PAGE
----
As I have been reading the headlines of the Chronicle of Higher Education and Inside Higher Ed, I've been noticing a lot of faculty no-confidence votes directed at university presidents in the last year or so. I started to wonder whether or not this might be a trend, or at least an increase. Sure enough, Inside Higher Ed has published an article on the subject confirming the trendiness of the no-confidence vote.
The article points out that these votes have little impact. That's not surprising; it's hard to find cases where a no-confidence vote, in and of itself, has had significant impact. It is just what the name implies: a statement that a faculty (or, as the article above points out, part of the faculty) don't have confidence in the leadership of a particular president. Given that presidents are hired and fired by governing boards, on its face this doesn't really matter much.
While there are occasions when such a vote contributes to a presidential firing - some credit the 2005 vote by the Harvard faculty for helping to oust Larry Summers - cases of "success" usually come at the end of a string of problems in which support for the president has already eroded among multiple constituents. If the faculty don't like the president but everybody else (students, trustees, alumni, donors) does, the faculty just look petulant in picking on someone whom everyone else thinks is swell.
This is true in large part because a no-confidence vote, while a great way to get headlines, is an extremely blunt instrument. It doesn't signify a willingness to talk, and it often doesn't do a very good job of explaining what the problem is to non-academics. Yet a no-confidence vote is, like any other attempt to influence organizational outcomes, a political act. And faculty, by and large, don't understand politics very well (even, in my experience, political scientists).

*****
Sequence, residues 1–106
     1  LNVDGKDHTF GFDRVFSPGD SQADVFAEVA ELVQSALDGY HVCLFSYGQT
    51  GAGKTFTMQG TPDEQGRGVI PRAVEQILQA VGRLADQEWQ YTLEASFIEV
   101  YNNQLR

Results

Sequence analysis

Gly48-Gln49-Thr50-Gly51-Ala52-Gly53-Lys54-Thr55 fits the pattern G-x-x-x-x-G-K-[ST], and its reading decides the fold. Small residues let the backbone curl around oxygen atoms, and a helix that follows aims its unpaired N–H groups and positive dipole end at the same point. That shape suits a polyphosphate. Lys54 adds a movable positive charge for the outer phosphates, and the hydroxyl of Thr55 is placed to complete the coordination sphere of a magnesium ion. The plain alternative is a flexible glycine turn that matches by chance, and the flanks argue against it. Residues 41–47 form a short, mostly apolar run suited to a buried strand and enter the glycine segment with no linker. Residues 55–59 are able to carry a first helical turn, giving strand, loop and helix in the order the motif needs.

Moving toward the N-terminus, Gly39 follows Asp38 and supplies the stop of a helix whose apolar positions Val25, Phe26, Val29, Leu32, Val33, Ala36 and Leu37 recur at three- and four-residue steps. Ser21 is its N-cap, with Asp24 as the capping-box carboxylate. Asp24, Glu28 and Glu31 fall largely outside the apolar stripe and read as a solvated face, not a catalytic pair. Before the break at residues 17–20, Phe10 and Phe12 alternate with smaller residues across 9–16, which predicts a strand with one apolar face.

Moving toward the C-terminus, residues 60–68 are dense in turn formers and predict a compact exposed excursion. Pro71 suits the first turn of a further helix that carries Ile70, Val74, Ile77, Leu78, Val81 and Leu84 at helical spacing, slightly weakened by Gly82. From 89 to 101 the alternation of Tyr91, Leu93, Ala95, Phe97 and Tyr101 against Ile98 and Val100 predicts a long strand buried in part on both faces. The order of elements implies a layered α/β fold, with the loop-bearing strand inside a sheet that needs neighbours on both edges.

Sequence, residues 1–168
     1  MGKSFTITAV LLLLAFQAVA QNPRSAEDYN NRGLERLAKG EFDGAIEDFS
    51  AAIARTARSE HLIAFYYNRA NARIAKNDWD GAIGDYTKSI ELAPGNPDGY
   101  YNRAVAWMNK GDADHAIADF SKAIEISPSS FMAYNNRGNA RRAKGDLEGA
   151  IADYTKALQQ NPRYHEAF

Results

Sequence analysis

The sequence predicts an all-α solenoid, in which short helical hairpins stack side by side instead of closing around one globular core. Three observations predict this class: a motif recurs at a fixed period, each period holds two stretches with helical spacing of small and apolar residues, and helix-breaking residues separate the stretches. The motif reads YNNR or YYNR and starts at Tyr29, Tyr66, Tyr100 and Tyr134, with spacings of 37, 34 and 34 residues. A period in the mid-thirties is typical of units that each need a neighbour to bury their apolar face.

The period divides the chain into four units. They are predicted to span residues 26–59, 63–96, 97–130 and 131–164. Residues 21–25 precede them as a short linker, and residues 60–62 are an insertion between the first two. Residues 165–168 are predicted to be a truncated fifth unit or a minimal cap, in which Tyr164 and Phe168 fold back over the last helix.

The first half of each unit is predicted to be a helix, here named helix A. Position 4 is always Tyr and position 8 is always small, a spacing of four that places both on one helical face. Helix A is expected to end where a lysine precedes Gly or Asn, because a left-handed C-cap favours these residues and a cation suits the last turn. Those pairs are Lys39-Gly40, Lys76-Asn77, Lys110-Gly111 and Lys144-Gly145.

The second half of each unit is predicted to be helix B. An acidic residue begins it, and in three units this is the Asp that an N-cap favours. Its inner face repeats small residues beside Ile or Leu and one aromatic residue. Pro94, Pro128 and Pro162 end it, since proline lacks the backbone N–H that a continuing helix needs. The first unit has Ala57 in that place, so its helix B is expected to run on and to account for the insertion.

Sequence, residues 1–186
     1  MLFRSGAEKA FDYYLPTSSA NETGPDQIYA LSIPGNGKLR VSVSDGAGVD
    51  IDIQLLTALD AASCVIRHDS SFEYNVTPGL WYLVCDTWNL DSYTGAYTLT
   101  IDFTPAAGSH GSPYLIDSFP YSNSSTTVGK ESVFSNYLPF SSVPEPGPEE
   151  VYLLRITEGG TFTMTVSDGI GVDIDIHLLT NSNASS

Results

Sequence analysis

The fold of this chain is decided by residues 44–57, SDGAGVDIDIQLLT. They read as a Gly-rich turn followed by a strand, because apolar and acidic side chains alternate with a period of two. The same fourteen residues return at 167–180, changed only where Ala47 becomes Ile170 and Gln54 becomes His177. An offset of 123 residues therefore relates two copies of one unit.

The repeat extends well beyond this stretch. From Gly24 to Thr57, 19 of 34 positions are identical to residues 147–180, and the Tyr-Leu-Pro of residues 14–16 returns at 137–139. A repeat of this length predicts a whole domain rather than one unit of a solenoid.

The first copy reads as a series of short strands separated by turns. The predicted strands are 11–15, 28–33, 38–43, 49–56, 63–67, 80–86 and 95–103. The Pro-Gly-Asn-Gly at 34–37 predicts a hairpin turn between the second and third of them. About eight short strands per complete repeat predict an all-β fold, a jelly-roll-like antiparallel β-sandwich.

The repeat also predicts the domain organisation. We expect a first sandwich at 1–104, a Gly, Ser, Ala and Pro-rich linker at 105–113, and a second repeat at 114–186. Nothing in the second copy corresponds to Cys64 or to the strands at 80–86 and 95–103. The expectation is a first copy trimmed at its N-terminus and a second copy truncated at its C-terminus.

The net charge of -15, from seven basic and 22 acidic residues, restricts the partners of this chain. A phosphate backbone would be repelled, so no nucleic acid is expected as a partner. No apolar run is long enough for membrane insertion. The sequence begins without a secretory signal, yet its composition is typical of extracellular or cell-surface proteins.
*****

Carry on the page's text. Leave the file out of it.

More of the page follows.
Good political analysis starts with understanding the goal (get the president fired? change certain policy decisions? alter the process to have more input?), the players (administration, trustees, students, alumni, donors, others), and who controls or influences what (who's got what power). The truth is that, on many matters, faculty are often largely powerless unless they can develop what Joseph Nye called "soft power" - the ability to influence and persuade without carrots and sticks. If you don't have much power yourself, you need to figure out who does and how to convince them to use their power in the service of your goals.
This is Politics 101, but too often faculty and administrators both ignore it. Faculty do wield tremendous power over some things, especially the curriculum and its delivery - which is the basic "product" of the university. No administration will get much done if the faculty simply refuse to cooperate on building new programs or expanding existing ones. Yet faculty rarely create issue linkages that would exploit that power.
It would be optimistic, but probably wrong, to suspect that faculties will learn to stop doing something that is mostly useless emotional catharsis. But smart faculty leaders would do well to apply the analytical skills we learn in our disciplines to this particular problem, and figure out better ways to influence their universities than holding no-confidence votes.